Wednesday, November 4, 2009

What's in a name? By Trent Becker

People have asked what our daughter's name means.

Ila Vieu sounds like I love you. That was what we were thinking when we thought up the name. After some sleuthing on the internet about this sort of literary debacling we've decided it is simply a phonological similarity: where it sounds like one thing, even though it isn't spelled the same.
In French, "il a vieux" would mean something like "It has old" which isn't the sort of meaning we were wanting to convey at all! And since there isn't an x it isn't even spelled right to be French, so there won't be that confusion anyway! It did get me thinking though, while we were trying to decide on a name, about Isle, which is the same root in Latin that Ila comes from... Ila Vieu = old, island
Ila: Islands are known for their independence and fragility as well as their prominence and steadfastness. These are good characteristics to have as an individual, and a leader. Who doesn't want their child to grow up to be affirmative and strong though, right?

Vieu: Old... what is good about old? Well, we were talking about an island and it being steadfast, so that means it is around for a long time, weathering storms and the relentless waves crashing upon it day in and day out. These were the sorts of things I was thinking about when I was thinking of "Vieu" and its associations with oldness. It also sounds and looks very similar to 'view'. Something to gaze at, a beautiful thing or wonder, a reminder of something perfect. I also had these sorts of things tracing through my mind.
So, what does her name mean? At this point, God only knows. Of course it means I love you as a phonological similarity, and we'd like to preattribute all sorts of admirable traits and characteristics to it as well in hopes of Ila picking them up osmotically, or however, but time will tell if all of these things I've been saying end up defining our little Ila!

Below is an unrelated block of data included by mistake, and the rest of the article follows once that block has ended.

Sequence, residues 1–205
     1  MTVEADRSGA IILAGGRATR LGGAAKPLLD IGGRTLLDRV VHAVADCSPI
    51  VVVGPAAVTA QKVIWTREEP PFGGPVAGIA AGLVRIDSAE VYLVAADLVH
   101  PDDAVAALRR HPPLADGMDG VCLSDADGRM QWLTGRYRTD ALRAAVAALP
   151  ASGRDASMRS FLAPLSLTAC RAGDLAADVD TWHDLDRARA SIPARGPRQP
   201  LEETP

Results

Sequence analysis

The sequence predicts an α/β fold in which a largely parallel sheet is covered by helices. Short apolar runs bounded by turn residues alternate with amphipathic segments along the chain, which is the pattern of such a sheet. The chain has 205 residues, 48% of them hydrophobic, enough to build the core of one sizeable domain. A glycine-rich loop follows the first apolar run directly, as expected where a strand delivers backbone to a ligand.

Monday, November 2, 2009

Ila's Birth Story, by Nicole Becker

It all began around 10pm on Wednesday (28th). We were about to go to sleep when I informed Trent that I was having more painful contractions than the false contractions I had been having for the past few weeks. We timed them for fun, and found that they were pretty sporadic, going from around 10 to 12 to 4 minutes apart, but a bit more painful nonetheless. I was also having some back pain. After an hour of timing them we decided that I could be in early labor but sleep would be the best option.

The next morning we woke up and headed to our scheduled appointment with our midwife. I was still having those same contractions, but now they were coming fairly regularly, every 10-12 minutes, and our midwife said I was probably in early labor and she would not be surprised if I had the baby later that day. This was all around 10 am; I was 80% effaced and 3 cm dilated - which wasn't much different from the week previous.

On the way home my contractions started getting more intense and we decided to time them, just to see how far apart they were. That hour I averaged 6 minutes between contractions. We were planning on heading to the hospital once they were around 4 minutes apart, so we figured we would give it another hour, thinking that if this wasn't early labor yet they would probably bounce around a bit and then fade away for a while. We kept timing the contractions and trying different relaxation techniques we had learned and practiced from our birth class.

By the time noon rolled around my contractions had gone from 6 minutes apart to 2 minutes apart. We hemmed and hawed about going into the hospital because it seemed CRAZY to us that I was having contractions so close together an hour or 2 after seeing the midwife. We stopped timing contractions after that because they were coming so close together. We agreed it was time to go and Trent started grabbing all our stuff and loading the car. This took about an hour, even though everything was pretty much ready to go because every time I had a contraction, I wanted him there, holding my hand or putting pressure on my lower back or SOMETHING!